Suiseki

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Suiseki and its wooden base at "Exhibition Suiseki and Shangshi" in Prague, 2011

Suiseki (水石?) are small naturally occurring or shaped rocks which are traditionally appreciated. They are similar to Chinese scholar's rocks.[1]

History[edit]

Chinese scholar's rocks influenced the development of suiseki in Japan.[2] The history of suiseki in Japan begins during the reign of Empress Suiko. The small objects were brought to Japan as gifts from the Chinese Imperial court.[3]

Suiseki are usually presented in two different ways:

The stone is provided with a wooden base (Daiza). The stone is placed in a waterproof tray or bowl of ceramic (suiban) or bronze (Doban).

These stones are not just any stones which can be found in nature, they must be expressive stones and have a special shape, color and texture to be categorized as Suiseki. There is a distinction between landscape and object stones. The former reflect landscapes such as mountains, lakes or rivers, while other stones have object shapes that resemble animals or sculptures.

The stones are of natural origin and are found in rivers, oceans and karst areas. They are not allowed to be reshaped. An exception is the cutting of stones to have a flat base so they can be placed in harmony on Daiza, suiban and Doban, to be represented in a proper way.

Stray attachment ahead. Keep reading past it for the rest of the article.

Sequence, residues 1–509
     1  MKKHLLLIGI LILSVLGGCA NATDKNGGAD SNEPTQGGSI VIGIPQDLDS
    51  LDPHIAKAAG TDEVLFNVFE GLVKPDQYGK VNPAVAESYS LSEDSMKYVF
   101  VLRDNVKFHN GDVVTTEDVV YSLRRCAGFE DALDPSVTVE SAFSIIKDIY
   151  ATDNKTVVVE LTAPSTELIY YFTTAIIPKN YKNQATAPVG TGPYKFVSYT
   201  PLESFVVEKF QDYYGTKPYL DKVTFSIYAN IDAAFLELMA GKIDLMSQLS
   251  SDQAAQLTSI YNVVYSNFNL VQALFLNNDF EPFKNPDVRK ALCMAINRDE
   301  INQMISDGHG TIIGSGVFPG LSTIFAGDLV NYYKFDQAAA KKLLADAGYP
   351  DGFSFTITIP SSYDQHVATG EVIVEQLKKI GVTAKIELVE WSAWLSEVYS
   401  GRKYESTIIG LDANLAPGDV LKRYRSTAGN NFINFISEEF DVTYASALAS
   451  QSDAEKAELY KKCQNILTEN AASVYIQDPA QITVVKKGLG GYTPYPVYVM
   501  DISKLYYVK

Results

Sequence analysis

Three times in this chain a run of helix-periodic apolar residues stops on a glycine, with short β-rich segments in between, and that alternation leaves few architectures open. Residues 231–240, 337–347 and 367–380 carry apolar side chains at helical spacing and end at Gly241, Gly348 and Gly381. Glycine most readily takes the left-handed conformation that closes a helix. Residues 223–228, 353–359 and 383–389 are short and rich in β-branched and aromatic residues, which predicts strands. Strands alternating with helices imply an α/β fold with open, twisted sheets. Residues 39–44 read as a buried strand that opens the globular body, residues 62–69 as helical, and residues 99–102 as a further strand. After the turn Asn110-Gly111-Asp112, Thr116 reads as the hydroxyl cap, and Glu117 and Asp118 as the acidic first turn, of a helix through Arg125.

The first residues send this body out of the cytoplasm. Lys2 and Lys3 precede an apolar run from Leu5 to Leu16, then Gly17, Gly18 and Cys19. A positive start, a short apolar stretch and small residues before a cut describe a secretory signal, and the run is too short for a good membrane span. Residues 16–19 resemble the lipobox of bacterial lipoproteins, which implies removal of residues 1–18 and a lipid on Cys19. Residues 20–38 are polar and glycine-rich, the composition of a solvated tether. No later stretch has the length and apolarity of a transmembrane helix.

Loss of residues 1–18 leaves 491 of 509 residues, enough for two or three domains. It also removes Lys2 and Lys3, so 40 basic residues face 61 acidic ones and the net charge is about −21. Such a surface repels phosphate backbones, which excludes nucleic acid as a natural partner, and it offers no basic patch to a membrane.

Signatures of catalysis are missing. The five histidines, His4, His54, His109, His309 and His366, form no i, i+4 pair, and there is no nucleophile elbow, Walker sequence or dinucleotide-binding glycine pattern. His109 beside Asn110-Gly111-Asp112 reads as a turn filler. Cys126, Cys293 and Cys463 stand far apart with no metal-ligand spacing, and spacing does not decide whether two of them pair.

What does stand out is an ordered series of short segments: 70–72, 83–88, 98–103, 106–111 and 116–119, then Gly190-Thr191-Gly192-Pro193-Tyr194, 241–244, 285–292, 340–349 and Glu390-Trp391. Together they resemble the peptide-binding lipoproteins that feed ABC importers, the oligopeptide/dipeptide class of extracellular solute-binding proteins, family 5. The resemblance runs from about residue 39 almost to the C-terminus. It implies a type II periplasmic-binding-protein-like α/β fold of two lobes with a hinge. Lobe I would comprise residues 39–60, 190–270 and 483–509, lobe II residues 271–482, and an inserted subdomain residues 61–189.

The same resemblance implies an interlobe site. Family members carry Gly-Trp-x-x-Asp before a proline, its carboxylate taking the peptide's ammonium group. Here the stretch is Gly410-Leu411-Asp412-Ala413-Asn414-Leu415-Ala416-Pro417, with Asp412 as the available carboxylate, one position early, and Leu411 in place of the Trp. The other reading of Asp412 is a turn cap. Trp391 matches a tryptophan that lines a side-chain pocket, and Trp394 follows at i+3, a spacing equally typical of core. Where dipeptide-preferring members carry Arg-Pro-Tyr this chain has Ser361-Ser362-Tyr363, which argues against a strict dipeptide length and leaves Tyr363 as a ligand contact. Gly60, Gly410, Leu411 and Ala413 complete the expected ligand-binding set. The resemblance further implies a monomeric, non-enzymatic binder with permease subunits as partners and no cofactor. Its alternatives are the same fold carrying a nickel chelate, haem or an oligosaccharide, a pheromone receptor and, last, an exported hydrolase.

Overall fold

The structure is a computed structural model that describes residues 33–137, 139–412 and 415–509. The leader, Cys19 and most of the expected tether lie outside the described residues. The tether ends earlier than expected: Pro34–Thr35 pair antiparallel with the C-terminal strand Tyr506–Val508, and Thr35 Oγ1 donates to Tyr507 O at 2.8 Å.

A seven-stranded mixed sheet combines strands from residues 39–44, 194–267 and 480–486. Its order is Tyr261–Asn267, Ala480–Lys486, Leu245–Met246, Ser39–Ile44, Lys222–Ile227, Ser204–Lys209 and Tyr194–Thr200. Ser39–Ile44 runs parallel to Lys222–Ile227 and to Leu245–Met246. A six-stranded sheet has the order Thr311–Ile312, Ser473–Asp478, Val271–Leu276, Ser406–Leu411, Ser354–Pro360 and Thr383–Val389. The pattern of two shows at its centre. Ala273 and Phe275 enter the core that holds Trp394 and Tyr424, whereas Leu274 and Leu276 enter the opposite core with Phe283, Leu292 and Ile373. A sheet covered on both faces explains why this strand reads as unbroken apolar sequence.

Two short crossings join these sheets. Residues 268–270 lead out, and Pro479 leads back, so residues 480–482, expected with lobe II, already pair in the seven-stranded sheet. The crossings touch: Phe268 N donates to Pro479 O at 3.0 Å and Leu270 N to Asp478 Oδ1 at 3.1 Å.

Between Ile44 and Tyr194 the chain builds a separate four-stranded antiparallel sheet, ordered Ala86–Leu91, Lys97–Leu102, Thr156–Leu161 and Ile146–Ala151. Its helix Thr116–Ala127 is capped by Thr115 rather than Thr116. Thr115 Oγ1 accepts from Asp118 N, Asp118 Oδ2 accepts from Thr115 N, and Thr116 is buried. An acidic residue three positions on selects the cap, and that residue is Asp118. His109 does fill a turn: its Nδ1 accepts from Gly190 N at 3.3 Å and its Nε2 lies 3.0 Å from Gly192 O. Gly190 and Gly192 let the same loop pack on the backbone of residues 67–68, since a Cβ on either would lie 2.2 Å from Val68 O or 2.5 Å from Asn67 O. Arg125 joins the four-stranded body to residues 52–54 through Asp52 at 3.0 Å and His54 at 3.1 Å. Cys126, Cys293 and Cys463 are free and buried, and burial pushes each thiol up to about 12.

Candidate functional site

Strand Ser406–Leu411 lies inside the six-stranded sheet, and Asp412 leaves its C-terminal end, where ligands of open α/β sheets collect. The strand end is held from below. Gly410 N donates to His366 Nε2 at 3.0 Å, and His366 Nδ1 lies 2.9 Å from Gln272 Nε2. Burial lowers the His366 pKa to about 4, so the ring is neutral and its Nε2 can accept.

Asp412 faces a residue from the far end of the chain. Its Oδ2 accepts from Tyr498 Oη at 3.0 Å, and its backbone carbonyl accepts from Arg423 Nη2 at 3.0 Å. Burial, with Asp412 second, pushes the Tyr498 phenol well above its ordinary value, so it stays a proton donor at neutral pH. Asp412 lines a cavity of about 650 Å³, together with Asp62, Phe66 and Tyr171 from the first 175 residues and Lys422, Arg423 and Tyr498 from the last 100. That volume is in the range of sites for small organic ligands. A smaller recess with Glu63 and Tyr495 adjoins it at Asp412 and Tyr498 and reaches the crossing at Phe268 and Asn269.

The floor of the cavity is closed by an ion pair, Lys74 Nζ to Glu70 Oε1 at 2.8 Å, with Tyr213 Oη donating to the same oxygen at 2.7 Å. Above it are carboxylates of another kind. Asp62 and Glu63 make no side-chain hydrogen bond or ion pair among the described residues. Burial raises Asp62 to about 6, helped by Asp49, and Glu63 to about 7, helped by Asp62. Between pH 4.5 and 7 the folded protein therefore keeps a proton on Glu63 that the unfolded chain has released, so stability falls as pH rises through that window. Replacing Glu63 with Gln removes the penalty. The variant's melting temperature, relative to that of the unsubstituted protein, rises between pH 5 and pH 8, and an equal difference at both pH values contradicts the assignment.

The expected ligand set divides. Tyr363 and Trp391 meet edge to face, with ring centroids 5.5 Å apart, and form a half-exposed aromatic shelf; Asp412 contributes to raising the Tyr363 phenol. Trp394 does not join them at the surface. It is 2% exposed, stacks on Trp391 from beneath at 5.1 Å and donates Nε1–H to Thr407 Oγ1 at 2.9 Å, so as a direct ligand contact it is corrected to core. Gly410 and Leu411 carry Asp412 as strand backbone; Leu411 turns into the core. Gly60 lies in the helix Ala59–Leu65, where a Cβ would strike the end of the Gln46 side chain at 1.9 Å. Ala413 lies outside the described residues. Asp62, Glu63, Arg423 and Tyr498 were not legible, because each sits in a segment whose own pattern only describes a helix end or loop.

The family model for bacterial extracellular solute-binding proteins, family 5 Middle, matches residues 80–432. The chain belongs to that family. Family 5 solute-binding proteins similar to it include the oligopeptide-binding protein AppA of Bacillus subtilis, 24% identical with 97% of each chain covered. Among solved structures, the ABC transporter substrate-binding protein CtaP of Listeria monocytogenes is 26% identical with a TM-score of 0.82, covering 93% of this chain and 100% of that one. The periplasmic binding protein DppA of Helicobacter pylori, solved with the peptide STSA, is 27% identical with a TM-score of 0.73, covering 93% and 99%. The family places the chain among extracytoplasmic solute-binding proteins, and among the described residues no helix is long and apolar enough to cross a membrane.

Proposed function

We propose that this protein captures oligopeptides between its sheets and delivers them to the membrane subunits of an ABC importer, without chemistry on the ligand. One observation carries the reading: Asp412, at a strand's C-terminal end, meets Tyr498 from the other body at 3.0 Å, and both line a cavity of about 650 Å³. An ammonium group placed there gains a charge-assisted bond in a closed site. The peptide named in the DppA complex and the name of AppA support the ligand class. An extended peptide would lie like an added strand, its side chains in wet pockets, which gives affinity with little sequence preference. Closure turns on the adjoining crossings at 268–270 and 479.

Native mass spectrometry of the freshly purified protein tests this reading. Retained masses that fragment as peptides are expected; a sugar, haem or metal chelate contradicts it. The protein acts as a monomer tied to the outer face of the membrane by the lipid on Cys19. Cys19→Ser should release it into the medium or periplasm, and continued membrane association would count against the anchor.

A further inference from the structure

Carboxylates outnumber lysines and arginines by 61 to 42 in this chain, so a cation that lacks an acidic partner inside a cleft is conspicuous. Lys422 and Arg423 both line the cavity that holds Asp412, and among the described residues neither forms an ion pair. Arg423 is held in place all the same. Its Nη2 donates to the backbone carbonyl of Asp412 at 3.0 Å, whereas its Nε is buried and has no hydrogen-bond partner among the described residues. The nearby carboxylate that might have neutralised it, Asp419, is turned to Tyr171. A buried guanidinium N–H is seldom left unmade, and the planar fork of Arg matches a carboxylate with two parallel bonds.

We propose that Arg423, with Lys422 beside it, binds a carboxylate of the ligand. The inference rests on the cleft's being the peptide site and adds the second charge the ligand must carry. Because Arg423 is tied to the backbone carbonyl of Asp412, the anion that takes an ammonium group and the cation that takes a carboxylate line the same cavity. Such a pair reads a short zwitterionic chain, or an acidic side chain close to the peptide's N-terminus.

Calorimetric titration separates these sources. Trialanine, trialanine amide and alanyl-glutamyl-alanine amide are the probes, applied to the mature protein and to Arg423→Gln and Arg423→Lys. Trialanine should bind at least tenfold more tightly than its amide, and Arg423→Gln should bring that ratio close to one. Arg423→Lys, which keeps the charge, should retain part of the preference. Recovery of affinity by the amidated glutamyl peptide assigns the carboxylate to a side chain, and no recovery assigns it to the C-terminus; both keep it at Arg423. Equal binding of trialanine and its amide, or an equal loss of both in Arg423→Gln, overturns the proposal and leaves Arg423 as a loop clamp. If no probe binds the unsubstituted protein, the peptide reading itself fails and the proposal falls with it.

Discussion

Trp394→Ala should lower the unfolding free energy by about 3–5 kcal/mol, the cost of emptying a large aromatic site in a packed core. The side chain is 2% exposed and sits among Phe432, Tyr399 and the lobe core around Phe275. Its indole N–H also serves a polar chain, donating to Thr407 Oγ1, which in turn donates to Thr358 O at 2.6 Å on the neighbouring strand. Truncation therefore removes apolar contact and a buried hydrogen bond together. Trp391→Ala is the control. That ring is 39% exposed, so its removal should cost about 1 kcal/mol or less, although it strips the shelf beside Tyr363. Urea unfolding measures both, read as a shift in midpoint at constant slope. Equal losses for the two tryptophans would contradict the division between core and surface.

Evaluation[edit]

The evaluation of suiseki recognizes subtlety of color, shape, markings and surface. According to Hideo Marushima (丸島秀夫 Marushima Hideo?, 1934- ) in The History of Suiseki in Japan (日本愛石史 Nihon aisekishi?),

It is not a silly thing at all to enjoy a stone in a tray. I see the whole world in a tiny stone. Some objects in this world are huge, and others are small, and they come in all shapes, but they are not that different when you look at their essence.[4]

Popular types of suiseki suggest a mountain, a waterfall, an island, a thatched hut or an animal.[1]

See also[edit]

References[edit]

  1. ^ a b Cousins, Craig. (2006). Bonsai Master Class, p. 244.
  2. ^ Brokaw, Charles. (2011). The Temple Mount Code, p. 73.
  3. ^ Corvello, Vincent T. and Yūji Yoshimura. (1996). The Japanese Art of Stone Appreciation: Suiseki and Its Use With Bonsai, p. 17.
  4. ^ Rivera, Felix G. (1997). Suiseki: The Japanese Art of Miniature Landscape Stones, p. 40, citing The History of Suiseki in Japan (日本愛石史 Nihon aisekishi?).

Other websites[edit]

Media related to Suiseki at Wikimedia Commons